Friday, March 26, 2010
President Obama Needs a More Evenhanded Mideast Policy
Trudy Rubin's column (CP - March 21) is filled with errors of fact and unwarranted assumptions that make a mockery of what are supposed to be desired peace negotiations between Arabs and Israelis. As Rubin reported, President Obama took grave offense at an Israeli municipal action to approve building new Jewish homes in Jerusalem that he alleged was disruptive to peace. Close examination reveals that there another side to this story.
The expectation has always been in the various Middle East "peacr" processes that issues between the Arab and Israeli parties are to be worked out in negotiation, not through arbitrary dictates and certainly not through violence.
The fact is that, pending the crafting of a final agreement, Israel has the right to build homes in Jerusalem. Jewish building in Jerusalem has continued for decades even during prior negotiations and does not constitute a change in agreed on procedures or commitments.
In the case of the recent approval of 1600 apartments by the Jerusalem municipality, this is a project in the northwestern part of the city -- not in any disputed post 1967-War part -- and is sandwiched between two existing, large Jewish neighborhoods. This is an area that all prior negotiations have identified as within the part of Jerusalem that Israel will continue to hold irrespective of how final negotiated borders are drawn. It is in this light that President Obama's sudden intrusion into this matter, taking extreme offense on what is a routine act by an Israeli municipal official, appears most unwarranted and arbitrary.
Interestingly, it was not until a few days after approval by the municipal agency was announced that V.P. Biden, already in Israel, bestirred himself, under the direction of President Obama, to publicly take offense at the Israeli action. This immediately emboldened the Arab side to similarly object and to initiate violent demonstrations throughout Israel. The Arabs also halted the beginning of a long awaited new negotiation and now they demand a rescinding of Israel's project as the price of continuing.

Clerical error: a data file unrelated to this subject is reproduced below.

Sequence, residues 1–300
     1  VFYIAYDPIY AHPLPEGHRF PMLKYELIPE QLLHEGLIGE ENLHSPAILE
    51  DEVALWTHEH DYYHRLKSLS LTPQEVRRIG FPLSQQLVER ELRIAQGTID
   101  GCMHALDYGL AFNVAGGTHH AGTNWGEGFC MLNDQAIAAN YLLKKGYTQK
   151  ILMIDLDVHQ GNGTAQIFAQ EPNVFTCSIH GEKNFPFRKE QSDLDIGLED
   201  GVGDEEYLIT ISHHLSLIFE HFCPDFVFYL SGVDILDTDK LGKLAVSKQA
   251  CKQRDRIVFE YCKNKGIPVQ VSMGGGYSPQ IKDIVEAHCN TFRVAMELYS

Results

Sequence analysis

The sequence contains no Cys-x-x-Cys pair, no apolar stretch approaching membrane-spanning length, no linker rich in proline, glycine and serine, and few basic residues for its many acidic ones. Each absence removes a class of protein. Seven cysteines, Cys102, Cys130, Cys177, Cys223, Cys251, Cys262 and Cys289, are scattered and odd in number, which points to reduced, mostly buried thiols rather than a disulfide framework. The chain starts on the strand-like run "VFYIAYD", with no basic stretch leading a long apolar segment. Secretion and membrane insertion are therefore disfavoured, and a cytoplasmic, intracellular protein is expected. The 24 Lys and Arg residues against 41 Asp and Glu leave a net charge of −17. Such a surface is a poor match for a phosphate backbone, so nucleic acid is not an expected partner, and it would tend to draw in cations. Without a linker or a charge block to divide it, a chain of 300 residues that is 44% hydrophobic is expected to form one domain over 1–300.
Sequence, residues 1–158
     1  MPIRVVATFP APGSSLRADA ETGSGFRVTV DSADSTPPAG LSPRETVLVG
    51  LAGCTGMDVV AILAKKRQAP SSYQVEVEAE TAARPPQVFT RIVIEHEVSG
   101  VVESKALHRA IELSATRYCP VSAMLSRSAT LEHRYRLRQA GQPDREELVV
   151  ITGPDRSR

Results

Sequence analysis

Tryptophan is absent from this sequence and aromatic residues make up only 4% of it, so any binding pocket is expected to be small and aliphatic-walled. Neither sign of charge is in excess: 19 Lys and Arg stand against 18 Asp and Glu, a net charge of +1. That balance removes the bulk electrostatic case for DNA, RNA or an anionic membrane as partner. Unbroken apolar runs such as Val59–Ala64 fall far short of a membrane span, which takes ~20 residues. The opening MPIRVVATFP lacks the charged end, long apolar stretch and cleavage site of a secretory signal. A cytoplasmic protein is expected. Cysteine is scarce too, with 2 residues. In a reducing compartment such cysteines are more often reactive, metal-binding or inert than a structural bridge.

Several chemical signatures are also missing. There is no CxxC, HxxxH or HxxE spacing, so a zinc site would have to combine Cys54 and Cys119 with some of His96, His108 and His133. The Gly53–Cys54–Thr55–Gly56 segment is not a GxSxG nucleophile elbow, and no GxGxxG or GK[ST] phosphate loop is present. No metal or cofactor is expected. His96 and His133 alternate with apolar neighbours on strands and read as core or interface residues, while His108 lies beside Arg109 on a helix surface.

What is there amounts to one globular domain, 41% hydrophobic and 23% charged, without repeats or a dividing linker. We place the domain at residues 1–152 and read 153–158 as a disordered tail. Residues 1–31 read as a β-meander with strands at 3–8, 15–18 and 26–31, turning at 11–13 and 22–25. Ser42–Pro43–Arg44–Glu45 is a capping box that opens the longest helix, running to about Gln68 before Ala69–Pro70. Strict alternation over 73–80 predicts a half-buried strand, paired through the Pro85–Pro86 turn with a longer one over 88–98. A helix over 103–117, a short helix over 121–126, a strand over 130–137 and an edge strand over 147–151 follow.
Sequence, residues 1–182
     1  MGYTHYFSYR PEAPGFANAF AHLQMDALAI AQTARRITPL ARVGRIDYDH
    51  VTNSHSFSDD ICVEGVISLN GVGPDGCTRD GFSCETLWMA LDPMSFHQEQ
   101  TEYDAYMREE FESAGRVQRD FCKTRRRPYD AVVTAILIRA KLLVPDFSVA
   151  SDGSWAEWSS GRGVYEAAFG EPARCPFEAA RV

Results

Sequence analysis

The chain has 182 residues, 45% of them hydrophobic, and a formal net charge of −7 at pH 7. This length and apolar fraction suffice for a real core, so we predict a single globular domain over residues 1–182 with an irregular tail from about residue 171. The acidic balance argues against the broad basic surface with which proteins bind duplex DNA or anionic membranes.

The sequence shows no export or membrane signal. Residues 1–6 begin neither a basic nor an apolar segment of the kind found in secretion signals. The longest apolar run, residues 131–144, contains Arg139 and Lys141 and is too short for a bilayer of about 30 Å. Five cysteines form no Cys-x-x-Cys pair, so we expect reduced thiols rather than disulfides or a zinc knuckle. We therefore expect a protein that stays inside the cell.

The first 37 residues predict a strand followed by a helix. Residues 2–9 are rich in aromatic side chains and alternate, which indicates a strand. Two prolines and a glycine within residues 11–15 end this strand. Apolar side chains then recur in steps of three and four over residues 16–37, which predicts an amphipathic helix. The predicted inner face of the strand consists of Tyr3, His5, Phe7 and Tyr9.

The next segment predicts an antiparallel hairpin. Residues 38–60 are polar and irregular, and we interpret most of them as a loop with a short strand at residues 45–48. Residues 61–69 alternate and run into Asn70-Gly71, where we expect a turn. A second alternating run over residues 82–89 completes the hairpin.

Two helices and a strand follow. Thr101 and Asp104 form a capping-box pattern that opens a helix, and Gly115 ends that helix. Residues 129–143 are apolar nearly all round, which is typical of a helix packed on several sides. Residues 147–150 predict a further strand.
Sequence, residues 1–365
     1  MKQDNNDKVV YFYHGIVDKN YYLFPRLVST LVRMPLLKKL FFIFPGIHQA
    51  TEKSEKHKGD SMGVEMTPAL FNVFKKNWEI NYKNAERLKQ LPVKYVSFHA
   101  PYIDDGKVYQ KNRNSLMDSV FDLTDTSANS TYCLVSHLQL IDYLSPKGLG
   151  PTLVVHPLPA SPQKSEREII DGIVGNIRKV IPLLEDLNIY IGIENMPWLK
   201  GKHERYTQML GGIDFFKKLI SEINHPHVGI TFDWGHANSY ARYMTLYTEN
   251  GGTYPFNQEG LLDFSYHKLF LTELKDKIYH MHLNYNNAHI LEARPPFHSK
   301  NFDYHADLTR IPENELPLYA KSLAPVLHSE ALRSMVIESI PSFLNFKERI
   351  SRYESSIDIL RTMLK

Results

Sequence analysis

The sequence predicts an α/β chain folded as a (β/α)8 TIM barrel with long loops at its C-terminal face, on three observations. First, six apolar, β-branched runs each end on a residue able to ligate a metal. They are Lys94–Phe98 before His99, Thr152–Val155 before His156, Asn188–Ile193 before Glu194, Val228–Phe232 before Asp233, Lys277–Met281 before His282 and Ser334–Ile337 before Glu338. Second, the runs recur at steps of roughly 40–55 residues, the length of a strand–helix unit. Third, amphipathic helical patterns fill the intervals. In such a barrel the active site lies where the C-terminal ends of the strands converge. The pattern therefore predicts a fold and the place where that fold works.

The picture that emerges is that the stoking of violent Arab unrest and disruption of negotiation has been the result of President Obama's attempt to impose a new, unilateral concession on Israel. This clearly undermines negotiation and has the effect of compromising trust in the US as a neutral arbitrator between the parties.
It is relevant that the Arab side had for more than a year refused to negotiate and only recently agreed to begin "proximity" talks.
These use a US mediator as the interface between the parties, sidestepping direct Arab contact with Israelis. This arms-length approach hardly demonstrates the "trust" that the Arabs and President Obama say is essential.
Finally, Rubin fails to take note that the Arab side has persistently indulged in terrorist violence and carries on school programs teaching hatred of Israel -- violations of their long standing promises to cease such action. This is hardly the kind of conduct that will lead to a successful two-state solution that Rubin thinks is in Israel's interest.
The point is that no thinking person should expect that Israel will find it in its interest to be railroaded into allowing a dangerous Arab enemy to emerge with statehood. In keeping with its grave danger to its people, Israel could be forced to react with painful and overwhelming force against such an advent, hence, care must be taken bring along a peace process within a context promoting trust.
It is unfortunate that President Obama has so unwisely intervened.
It creates a division between an important US ally, Israel, and is hardly a contribution to a wise strategic policy needed in the peace process.